The variables are part of the routine for any programmer or DBA, since it is from them that many functions are triggered and make modifications within a system. In the case of databases, more specifically MySQL, variables assist in performing a variety of tasks.
By default, the variables are created in MySQL as follows:
After the indication of the special character “@”, one just need to indicate the value to be stored in the variable. In the example, the variable receives the integer value “1”.
If you need to set a new value to the variable, the SET command must be used as shown in the example below:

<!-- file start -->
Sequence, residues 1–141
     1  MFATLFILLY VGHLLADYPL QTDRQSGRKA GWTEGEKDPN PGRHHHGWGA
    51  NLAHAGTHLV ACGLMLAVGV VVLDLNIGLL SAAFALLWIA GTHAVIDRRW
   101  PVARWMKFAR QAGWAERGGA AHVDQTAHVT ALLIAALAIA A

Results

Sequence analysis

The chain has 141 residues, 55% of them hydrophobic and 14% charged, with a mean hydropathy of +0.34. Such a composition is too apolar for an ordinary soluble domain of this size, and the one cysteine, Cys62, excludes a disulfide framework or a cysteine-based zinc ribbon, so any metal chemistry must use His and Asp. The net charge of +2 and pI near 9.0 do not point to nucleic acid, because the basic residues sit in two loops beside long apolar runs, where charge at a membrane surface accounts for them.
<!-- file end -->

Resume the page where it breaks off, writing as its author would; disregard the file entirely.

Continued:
SET @var1 = 2
The variables in the database are more often used in procedures, and that is because they are, in most cases, indicated by the user who will work with the change.
As an example, let’s create a procedure that will perform a calculation from a received information shaped as a variable:
CREATE PROCEDURE ‘sp_RaiseSquare’ (INOUT val INT)
SET val = val * val;
Once created the procedure, let’s call it also using the variables feature:
SET @var1 = 2
In this case, the printed value on the screen will be the number 4.
In a simple example, you can see how the variables are present in solving almost every problem. Therefore, understanding its operation helps solve everyday problems more quickly and effectively.